CFP: [Gender Studies] ACLA 2009: The Invention of Human Rights in the Nineteenth-Century Novel ( due 11/1/08; 3/26-9/08)

full name / name of organization: 
Keridiana Chez
contact email: 
kerychez@gmail.com

Transnational Humanity: The Invention of Human Rights through the
Nineteenth-Century Novel

This ACLA seminar will explore the transatlantic invention of human rights,
and the construction of the multivalent discourse of “humanity,” through
the nineteenth-century novel. Novels have participated in directing and
redirecting the discourse of the “human”—the human as closed system, as
biopolitical species-being unit, as rational individual—by charting
interiorities that are deemed to constitute a “human.”

Specific subjectivities, as inscribed in and by American and British
novels, are deemed 'human' and therefore worthy of citizenship and its
attendant “human rights” and privileges, including the privilege of
counting as, and constituting, the nation. During the nineteenth-century,
these subjectivities were constituted by transatlantic writers in relation
to rapid industrialization and unprecedented contact with other peoples.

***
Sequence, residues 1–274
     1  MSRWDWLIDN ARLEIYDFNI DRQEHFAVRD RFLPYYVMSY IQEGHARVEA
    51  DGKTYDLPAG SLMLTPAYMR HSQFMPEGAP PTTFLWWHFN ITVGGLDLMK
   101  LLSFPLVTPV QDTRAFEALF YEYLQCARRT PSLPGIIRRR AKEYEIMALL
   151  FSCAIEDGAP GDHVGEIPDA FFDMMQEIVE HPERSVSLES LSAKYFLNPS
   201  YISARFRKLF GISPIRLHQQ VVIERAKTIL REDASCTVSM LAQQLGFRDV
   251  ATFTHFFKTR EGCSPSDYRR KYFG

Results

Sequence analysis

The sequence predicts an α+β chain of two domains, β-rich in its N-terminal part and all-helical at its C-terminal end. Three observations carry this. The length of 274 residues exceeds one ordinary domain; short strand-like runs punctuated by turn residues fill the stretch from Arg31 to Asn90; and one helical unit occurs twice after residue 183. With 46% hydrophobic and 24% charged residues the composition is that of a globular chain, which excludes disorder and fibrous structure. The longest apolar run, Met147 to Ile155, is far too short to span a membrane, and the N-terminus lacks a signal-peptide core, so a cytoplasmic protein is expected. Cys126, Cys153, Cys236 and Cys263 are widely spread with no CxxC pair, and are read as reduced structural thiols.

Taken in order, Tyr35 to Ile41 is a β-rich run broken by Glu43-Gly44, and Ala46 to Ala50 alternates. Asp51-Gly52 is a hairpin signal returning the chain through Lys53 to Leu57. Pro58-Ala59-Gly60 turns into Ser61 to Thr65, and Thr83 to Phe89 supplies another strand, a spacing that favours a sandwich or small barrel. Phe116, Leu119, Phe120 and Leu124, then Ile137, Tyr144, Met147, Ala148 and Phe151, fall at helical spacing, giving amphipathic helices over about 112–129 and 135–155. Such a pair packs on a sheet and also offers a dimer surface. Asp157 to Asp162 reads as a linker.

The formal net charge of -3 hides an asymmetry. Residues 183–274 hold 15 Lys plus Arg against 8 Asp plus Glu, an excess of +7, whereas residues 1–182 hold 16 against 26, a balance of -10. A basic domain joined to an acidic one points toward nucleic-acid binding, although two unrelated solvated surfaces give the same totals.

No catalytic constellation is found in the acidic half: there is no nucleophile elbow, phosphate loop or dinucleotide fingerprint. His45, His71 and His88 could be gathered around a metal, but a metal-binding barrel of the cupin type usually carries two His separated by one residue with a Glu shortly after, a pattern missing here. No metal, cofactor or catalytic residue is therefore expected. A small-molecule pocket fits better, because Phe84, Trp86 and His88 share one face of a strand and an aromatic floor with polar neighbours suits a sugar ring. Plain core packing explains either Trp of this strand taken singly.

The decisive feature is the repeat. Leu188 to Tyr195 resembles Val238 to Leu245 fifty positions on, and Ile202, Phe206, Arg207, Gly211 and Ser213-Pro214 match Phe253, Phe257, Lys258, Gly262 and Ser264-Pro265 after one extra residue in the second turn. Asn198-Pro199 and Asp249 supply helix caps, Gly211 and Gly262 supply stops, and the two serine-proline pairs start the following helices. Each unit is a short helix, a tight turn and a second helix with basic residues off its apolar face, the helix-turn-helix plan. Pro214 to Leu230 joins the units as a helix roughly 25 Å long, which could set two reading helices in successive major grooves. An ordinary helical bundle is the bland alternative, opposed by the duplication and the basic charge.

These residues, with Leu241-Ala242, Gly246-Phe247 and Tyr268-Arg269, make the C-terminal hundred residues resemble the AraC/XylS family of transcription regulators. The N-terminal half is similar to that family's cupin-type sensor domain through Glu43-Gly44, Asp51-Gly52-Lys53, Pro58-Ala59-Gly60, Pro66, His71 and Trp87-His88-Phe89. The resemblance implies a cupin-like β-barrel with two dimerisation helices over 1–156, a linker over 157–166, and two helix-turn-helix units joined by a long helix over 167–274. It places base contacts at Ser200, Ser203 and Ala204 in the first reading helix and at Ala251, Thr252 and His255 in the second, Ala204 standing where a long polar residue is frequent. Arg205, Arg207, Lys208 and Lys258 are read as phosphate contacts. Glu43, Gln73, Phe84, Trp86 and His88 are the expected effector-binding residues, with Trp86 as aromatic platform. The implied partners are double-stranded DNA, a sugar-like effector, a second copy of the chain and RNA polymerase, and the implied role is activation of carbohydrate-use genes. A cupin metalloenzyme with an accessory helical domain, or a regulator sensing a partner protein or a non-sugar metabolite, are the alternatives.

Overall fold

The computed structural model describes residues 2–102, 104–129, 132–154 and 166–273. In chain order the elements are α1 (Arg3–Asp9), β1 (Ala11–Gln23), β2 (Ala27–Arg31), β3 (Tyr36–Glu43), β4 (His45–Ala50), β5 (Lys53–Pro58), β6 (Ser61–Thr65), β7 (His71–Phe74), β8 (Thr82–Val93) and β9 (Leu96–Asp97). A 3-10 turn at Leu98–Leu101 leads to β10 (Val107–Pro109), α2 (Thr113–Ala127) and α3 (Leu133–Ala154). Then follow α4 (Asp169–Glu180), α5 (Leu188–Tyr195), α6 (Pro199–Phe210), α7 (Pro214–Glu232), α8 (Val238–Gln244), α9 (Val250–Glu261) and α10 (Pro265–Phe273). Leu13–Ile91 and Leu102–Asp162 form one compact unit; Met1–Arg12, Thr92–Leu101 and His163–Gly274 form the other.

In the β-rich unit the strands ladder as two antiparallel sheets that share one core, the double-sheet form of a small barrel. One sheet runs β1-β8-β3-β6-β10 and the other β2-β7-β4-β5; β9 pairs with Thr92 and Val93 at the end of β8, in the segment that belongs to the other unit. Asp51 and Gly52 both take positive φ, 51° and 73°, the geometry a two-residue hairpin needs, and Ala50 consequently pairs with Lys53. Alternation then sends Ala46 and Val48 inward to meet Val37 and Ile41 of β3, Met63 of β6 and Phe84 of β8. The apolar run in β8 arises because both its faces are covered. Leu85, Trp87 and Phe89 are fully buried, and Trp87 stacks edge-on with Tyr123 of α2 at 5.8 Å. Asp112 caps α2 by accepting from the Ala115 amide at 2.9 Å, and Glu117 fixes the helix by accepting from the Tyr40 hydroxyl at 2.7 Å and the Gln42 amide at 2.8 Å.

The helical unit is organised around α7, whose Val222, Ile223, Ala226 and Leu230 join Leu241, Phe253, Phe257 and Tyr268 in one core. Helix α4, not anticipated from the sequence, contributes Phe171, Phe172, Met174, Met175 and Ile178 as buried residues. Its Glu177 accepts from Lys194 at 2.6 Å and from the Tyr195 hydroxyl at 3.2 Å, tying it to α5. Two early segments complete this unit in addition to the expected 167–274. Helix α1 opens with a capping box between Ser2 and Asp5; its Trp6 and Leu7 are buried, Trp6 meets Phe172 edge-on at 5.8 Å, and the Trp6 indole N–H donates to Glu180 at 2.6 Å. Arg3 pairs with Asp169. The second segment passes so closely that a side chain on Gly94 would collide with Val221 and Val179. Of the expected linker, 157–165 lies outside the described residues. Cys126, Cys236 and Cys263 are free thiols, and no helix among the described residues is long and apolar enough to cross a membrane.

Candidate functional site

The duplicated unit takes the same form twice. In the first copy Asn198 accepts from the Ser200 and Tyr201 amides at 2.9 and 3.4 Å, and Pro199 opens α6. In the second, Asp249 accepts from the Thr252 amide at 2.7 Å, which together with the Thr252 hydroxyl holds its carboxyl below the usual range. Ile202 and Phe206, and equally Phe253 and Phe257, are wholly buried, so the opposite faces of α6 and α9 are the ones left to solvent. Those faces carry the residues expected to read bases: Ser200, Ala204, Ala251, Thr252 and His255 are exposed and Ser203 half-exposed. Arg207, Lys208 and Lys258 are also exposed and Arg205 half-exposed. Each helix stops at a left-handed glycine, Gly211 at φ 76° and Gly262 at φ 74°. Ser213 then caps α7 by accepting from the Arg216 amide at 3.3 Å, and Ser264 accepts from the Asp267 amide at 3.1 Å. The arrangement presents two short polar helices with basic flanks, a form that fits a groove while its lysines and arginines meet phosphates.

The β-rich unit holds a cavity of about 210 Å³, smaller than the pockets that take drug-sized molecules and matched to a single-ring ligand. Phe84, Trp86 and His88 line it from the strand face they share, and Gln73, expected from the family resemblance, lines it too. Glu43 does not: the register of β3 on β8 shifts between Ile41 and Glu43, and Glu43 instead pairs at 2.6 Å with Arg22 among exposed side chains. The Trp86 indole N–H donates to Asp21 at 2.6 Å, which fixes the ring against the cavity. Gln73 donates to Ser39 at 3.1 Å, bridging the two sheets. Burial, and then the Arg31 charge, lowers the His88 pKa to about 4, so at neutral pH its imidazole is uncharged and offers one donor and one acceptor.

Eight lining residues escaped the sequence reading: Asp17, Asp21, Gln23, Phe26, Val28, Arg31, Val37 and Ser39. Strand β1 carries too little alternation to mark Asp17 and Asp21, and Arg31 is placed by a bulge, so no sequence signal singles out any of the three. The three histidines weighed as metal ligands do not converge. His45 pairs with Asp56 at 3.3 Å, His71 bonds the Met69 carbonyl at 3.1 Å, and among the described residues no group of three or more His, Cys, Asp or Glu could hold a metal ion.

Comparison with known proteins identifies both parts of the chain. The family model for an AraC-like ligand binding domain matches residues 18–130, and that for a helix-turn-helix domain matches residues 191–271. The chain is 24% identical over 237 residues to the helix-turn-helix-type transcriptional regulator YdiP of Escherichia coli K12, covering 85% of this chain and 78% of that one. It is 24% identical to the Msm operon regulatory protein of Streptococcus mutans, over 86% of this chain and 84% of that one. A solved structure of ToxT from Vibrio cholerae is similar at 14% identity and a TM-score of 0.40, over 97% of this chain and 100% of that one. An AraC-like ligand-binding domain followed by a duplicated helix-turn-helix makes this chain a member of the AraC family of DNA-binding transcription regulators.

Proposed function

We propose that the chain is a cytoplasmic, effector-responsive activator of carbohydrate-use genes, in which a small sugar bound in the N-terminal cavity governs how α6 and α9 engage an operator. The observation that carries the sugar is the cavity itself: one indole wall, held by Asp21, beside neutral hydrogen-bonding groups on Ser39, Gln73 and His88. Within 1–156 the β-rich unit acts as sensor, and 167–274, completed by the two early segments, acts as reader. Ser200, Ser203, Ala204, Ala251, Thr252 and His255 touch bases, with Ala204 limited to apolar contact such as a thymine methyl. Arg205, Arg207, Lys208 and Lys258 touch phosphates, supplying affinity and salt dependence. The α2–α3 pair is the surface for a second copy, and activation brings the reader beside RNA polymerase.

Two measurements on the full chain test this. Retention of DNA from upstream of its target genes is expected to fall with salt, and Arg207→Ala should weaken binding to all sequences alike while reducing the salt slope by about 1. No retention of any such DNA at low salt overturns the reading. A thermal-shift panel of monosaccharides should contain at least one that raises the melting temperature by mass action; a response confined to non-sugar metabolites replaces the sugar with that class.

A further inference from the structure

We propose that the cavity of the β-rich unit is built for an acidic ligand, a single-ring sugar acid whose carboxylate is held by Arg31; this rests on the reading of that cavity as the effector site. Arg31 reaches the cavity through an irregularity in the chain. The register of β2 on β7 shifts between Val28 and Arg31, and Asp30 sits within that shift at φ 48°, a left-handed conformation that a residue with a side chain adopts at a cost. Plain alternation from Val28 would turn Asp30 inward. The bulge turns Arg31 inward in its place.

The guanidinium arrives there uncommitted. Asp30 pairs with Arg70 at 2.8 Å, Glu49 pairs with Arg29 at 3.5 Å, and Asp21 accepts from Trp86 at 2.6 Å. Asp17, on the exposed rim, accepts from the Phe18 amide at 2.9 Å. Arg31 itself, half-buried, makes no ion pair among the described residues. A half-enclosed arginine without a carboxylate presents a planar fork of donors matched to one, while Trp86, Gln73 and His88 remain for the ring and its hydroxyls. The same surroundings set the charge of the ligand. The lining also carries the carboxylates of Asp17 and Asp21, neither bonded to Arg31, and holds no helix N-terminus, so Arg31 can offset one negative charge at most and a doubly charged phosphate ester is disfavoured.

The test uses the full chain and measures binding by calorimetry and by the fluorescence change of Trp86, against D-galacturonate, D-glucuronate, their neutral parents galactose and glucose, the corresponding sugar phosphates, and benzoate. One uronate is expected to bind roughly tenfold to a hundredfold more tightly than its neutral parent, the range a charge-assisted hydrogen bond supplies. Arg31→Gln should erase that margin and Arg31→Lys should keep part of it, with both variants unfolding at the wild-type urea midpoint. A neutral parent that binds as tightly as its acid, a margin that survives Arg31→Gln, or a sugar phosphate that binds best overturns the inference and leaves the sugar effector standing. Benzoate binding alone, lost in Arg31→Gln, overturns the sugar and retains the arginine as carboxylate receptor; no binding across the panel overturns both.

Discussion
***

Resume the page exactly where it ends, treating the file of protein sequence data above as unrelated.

What were the subjectivities legitimized by nineteenth-century
transatlantic novels? What is the relationship between the subjects of
transcendental rights to the bodies that may embody those rights? How did
liberal discourses of the “human rights” support imperialist projects by
Americans and its former imperial mother? What different effects did
competing attempts to humanize female and/or other peoples—for example, the
feminist and abolitionist movements—engage with existing matrices?

The American Comparative Literature Association's 2009 annual meeting will
be held in Cambridge, MA, at Harvard University, from March 26-9, 2009. You
can learn more about ACLA and the 2009 meeting here:
http://www.acla.org/acla2009/.

Please submit a 250-word proposal through the ACLA 2009 website BY
NOVEMBER 1, 2008: http://www.acla.org/acla2009/. Preference will be given
to transnational work but also welcome is work from either shore from
participants interested in having a transatlantic conversation.

If you have any questions about the seminar, please feel free to contact
Keridiana Chez at kerychez [at] gmail [dot] com.

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Received on Wed Oct 01 2008 - 23:11:10 EDT

cfp categories: 
gender_studies_and_sexuality